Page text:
Pennie Quinton said: “Many in the UK who have had variable income, a feature of freelance life, have relied on working tax credit to tide them over lean months. When the government moves them on to universal credit they lose out, sometimes massively because it doesn't take account of big fluctuations in freelances' income - as well as imposing a time penalty in effectively re-applying monthly.” Pennie also seconded a motion about shared parental pay, saying freelances should also be eligible for this benefit and urged conference to back the Shared Parental Leave Pay (Extension) Bill proposed by Labour MP Tracey Brabin. Since 2015, shared parental leave legislation has enabled employed couples to split up to 52 weeks of their time off work after the birth of their child and 39 weeks of statutory pay. But the right does not extend to the self-employed. Natasha Hirst said being freelance meant having to deal with copyright, chasing up payments and securing the work in the first place. “If you are harassed at work, where do you go to complain, because you might be worried about whether other people will employ you?” she said.
Natasha Hirst & Ann Galpin
In a debate on sexual harassment in the workplace, Natasha gave an example of how she had been treated as a woman photographer: "I was covering an evening event and one man in attendance decided that the very act of me doing my job and taking photos of everyone constituted me flirting with him. Despite making efforts to avoid him he kept popping up in front of me and at the end of the evening grabbed me by my face and started to kiss me. It was witnessed by people who just laughed it off and did nothing to intervene. We encourage unions with workplace recognition to ensure that policies and support mechanisms also extend to the freelancers they book. Sexual harassment is designed to shut down voices. The #MeToo movement put sexual harassment in the spotlight and we must do everything in our power to keep it there.”
Ann Galpin said: “Workplace bullying, sexual harassment, gaslighting and online abuse are but a few of the factors which contribute to the growing incidences of mental distress reported by our female members. This abuse must stop! Many are still reluctant to disclose this distress for fear of being stigmatised; we need to support our sisters and work with employers to offer improved access to resources, so they no longer suffer in silence.”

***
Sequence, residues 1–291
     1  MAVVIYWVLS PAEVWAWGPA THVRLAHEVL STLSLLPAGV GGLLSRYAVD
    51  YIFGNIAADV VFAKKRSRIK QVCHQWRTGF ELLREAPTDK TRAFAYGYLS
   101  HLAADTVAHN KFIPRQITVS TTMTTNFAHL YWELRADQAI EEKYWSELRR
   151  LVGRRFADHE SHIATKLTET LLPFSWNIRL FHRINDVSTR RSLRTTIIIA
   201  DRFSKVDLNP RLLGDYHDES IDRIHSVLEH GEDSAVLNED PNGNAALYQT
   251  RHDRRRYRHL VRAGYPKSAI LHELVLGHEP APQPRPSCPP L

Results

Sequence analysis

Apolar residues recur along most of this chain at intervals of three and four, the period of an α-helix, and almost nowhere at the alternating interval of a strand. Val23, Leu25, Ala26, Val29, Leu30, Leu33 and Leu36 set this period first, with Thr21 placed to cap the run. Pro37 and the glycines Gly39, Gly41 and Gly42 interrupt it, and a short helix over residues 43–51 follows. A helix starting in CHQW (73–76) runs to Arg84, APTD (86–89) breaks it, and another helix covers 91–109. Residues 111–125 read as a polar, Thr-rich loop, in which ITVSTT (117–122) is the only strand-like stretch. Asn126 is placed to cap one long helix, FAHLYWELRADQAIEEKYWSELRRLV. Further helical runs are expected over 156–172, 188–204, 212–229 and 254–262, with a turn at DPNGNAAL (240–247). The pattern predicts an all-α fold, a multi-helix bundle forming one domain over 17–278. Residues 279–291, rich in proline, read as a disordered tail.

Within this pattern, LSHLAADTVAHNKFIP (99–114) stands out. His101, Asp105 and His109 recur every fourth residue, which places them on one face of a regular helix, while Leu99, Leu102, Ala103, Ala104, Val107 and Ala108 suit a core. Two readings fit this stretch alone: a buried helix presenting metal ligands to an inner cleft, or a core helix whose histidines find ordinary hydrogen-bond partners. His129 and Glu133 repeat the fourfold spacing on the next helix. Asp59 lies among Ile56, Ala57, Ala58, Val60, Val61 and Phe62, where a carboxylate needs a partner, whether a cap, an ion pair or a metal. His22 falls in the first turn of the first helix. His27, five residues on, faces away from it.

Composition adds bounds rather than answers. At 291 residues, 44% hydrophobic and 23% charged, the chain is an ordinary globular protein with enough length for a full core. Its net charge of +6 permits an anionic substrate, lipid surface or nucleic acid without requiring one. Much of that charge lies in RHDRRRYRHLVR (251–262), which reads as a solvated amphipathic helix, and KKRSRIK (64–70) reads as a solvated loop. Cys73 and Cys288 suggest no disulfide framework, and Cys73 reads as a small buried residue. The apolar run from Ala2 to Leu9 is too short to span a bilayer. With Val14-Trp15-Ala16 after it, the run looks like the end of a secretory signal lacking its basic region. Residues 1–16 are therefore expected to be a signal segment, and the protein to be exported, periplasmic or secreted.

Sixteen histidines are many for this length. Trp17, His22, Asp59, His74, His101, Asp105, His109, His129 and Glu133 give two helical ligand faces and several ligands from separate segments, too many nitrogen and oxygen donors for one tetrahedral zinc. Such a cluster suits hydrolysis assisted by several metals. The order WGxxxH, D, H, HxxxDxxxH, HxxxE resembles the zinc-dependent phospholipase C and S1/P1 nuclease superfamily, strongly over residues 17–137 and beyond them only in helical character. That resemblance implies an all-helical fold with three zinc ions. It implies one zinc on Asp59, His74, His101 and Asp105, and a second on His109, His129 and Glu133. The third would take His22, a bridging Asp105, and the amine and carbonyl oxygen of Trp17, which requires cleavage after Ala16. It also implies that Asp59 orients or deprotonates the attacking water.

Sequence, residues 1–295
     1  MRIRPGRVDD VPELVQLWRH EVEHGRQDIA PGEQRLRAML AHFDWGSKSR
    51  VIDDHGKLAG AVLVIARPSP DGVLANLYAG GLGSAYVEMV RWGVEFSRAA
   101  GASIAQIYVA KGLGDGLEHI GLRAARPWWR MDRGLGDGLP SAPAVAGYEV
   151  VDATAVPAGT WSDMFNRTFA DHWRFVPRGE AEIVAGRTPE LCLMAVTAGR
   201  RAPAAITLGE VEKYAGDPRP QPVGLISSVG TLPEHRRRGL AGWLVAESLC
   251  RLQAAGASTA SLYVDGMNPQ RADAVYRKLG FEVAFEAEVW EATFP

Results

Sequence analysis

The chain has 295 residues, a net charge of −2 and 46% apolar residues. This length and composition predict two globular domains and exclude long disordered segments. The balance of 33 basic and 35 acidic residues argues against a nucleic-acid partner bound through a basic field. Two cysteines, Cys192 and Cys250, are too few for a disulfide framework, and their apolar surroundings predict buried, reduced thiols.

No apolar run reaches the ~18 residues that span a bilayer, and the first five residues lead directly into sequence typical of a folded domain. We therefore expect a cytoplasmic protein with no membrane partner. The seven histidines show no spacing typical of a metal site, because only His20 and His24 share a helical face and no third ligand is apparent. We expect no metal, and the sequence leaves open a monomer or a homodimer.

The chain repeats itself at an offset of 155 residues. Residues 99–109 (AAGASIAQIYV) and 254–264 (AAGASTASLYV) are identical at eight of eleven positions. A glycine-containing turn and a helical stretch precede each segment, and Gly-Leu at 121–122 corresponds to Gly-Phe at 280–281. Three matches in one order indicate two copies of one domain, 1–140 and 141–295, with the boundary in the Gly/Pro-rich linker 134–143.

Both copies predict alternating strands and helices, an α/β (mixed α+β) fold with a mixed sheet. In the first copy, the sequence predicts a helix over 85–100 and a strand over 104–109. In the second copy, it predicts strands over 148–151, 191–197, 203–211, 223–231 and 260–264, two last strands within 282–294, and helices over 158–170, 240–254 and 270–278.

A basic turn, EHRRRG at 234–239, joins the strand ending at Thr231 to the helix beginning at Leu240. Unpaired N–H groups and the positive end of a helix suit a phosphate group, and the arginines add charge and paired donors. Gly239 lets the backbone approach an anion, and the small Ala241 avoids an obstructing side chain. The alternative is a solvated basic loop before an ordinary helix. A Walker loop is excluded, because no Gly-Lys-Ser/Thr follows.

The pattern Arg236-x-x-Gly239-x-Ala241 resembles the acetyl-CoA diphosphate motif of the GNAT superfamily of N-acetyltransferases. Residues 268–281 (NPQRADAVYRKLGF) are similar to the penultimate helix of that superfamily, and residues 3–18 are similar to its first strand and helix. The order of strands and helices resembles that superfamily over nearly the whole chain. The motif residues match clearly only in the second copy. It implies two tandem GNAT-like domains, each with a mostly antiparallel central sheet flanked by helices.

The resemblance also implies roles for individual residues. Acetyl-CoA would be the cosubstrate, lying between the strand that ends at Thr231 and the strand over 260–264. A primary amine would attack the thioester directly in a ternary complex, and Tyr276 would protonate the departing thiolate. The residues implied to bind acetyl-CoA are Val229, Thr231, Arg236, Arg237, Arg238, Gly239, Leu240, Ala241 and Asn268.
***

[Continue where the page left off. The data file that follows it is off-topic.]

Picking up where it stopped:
Anne Coltart supported an RMT motion which called for a campaign to recruit more women seafarers, officers and ratings, although she said she couldn’t swim. She was much cheered by the number of young women and first-time delegates taking part in debates, she added.
Conference voted for a motion on period poverty to go forward to TUC Congress. It noted that “during a woman’s lifetime she will spend £18,000 on her periods – however for some women the impact of poverty, pay and welfare cuts can mean choosing between food or sanitary wear” and girls missing school because of period poverty. It called on the TUC’s Women’s Committee to “lobby the government to provide free sanitary wear to low-income families, schools, colleges, universities and homeless shelters”.
WOMEN IN PHOTOGRAPHY – ADDRESSING GENDER IMBALANCE
This conference notes that according to the founder of Womenphotograph.com, Daniella Zalcman, only 15 per cent of photojournalists are women. Women disproportionately drop out of the photography industry, even though photography degrees usually have more female than male students. The work of women photographers is under-represented in galleries and within news publications. In 2017 the Times review reported that photos in many major publications’ collections of the most significant images of 2016 overwhelmingly carried male photographer’s credits — ranging between 80-100%. Men and women experience life differently and have different perspectives to offer, yet the view of what constitutes ‘good photography’ has largely been defined by the work of men. Little has changed despite several outstanding female photographers leading the way to new directions in storytelling, stories from marginalised communities from a female lens will not be seen unless women photographers have access to career opportunities. To remain relevant and authentic, the photography industry must seek to become more diverse to fairly reflect the communities it reports on.
Conference calls on the TUC to:
1. Work with the NUJ Women’s Network to support the development of opportunities for women in photography.
2. Promote mentoring, grants and scholarships and proactively address gender imbalance